Abuser behind bars for horrific domestic violence attack

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Nov. 1—A Waynesville woman's night of domestic violence horror has resulted in justice being served following multiple guilty verdicts at a Haywood County jury trial last week.

Bryan Tadlock, 44, was found guilty of several charges for the attack of his then-wife last year and will serve at least 29 years behind bars and be a registered sex offender for the rest of his life.

"Domestic violence is a hidden crime," District Attorney Ashley Hornsby Welch said. "It's a crime that no one wants to talk about. This is not love. This is abuse."

Tadlock's convictions included first-degree kidnapping, two counts of assault by strangulation resulting in injury, assault with a deadly weapon inflicting serious injury and first-degree forcible rape.

On the night of the incident, Tadlock assaulted the victim numerous times with a pistol, hit and choked her and tormented her emotionally before raping her.

While the five-hour assault and the lead-up to it began that night, his abusive nature had been simmering. The couple got married in May 2021, with this violent incident coming less than a year after saying their vows.

The night of the attack

The events occurred one night in March 2022, after the victim picked up Tadlock from his job as a security guard at Haywood Community College at 11 p.m.

Once the couple arrived home, Tadlock began drinking and the victim headed to bed. Around 1:30 a.m., Tadlock — who is 6'2" and at the time weighed around 300 pounds — came into the bedroom with headphones on playing loud heavy metal music.

He began screaming at the victim, who is just 5'2", about her daughter. Tadlock had gone into his stepdaughter's bedroom and destroyed numerous items. He ripped posters off the wall and cut them up, pulled neon signs off the wall and cut their power cord, and cut up her backpack, resulting in damage to a school laptop that the victim had to replace.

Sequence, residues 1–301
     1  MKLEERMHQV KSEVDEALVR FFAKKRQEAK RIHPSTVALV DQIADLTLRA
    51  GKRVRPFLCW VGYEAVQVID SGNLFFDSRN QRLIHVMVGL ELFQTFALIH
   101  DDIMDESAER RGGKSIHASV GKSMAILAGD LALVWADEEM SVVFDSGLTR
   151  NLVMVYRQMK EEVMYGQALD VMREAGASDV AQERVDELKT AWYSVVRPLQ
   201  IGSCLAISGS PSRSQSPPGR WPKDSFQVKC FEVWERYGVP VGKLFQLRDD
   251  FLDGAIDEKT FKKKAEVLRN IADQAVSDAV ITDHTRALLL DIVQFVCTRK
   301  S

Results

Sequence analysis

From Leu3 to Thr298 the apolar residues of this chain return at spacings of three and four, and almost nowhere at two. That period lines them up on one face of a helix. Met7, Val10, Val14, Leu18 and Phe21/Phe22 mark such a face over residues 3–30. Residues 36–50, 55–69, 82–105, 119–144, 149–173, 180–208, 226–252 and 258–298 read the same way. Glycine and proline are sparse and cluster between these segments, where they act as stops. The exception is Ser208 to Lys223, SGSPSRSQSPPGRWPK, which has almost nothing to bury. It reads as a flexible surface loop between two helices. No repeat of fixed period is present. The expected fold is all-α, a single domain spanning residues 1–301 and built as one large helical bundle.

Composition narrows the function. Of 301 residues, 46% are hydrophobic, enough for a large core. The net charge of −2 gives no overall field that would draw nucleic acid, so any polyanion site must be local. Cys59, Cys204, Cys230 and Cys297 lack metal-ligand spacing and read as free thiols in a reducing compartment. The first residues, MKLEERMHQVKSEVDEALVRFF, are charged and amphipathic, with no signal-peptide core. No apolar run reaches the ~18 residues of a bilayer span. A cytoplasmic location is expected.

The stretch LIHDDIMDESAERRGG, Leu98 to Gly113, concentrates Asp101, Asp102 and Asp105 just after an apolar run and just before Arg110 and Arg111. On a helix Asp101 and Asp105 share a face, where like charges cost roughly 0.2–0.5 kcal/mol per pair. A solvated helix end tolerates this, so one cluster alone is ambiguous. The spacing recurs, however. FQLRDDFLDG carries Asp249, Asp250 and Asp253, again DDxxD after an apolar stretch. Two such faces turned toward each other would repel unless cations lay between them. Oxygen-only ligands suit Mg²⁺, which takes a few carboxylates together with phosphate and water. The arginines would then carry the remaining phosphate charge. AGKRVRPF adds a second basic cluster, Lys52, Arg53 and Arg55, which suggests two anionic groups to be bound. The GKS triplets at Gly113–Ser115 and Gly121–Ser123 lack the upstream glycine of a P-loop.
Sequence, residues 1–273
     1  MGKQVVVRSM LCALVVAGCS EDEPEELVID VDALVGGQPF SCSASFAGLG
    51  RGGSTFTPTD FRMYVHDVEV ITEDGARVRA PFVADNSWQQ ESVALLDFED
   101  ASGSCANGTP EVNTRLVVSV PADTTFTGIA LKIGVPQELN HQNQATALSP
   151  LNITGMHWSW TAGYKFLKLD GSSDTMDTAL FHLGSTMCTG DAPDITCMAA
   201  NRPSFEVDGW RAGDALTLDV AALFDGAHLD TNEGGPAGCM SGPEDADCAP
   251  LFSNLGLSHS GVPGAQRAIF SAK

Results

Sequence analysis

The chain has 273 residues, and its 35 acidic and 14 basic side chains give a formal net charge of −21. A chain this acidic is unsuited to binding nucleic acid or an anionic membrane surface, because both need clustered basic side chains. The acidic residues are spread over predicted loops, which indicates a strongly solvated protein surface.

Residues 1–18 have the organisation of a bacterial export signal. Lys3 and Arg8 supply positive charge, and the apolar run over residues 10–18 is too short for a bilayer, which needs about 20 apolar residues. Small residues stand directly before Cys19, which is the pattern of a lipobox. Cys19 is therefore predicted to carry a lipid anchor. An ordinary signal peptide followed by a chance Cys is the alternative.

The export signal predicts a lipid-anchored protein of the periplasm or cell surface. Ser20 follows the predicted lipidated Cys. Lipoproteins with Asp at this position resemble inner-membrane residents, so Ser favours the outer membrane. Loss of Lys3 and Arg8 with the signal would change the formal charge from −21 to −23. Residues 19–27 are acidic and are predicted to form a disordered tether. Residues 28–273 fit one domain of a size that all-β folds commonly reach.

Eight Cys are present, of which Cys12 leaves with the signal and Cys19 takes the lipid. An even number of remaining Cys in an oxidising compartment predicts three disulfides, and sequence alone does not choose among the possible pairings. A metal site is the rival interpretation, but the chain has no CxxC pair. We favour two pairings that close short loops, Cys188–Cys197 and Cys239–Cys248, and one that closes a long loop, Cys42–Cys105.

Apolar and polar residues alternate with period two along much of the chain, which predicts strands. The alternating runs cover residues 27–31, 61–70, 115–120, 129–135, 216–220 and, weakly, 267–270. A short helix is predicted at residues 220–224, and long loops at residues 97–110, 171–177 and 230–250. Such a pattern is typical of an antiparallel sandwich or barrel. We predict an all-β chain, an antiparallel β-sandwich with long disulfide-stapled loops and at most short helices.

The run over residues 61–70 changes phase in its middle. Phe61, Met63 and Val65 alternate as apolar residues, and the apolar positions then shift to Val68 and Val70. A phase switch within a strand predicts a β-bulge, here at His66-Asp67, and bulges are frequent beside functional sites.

He demanded the victim produce a diamond necklace that the couple had bought for her daughter on her 16th birthday.

The victim convinced Tadlock to leave the room and go on, but she could hear him continuing to yell in the other rooms of the single-wide trailer that the family lived in. She heard a glass break and then heard him leave the house and come back inside.

The assault begins

He re-entered the bedroom and continued yelling, this time holding a pistol with a loaded magazine.

"In the past when he was upset, he'd have the gun, but he wouldn't point it at me or use it," the victim said on the stand in court, further alluding to Tadlock's violent nature.

After coming back into the room with the handgun, Tadlock pressed the gun against her hip and leg and told her to "get up or I'll make you get up," according to the victim's testimony. "He held the gun against my head and told me to go get [the necklace]."

Tadlock then told his wife to put the necklace on the counter. She pled with him, begging him to drop whatever was going on and let it go. Tadlock refused and dragged the victim by her hair to grab a hammer.

After retrieving the hammer, the victim attempted to hand it to Tadlock, but he told her to bust the necklace. After she refused, he grabbed her by the head and shoved her skull into the stove, while shoving the barrel of the gun into the side of her head.

He then forced the gun into her mouth while still holding her head on the stove, knocking out her top set of dentures. She gave in and hit her daughter's valuable possession with the hammer. After she hit it, Tadlock demanded that she "hit it again," repeatedly.

"It felt like forever," the victim said about how long the gun was in her mouth.

The victim said she began to taste blood from the gun cutting the inside of her mouth. The blood soon began flowing from her mouth as Tadlock continued to yell for her to break the necklace.

"I was afraid he was going to kill me," the victim said at this part of her testimony. "He started choking me and just wouldn't stop."

She began to do anything she could to get help. She knew her neighbors often sat on their porch and smoked, and began screaming.

"She screamed hoping someone would hear her," Welch said during closing arguments. "But no one came."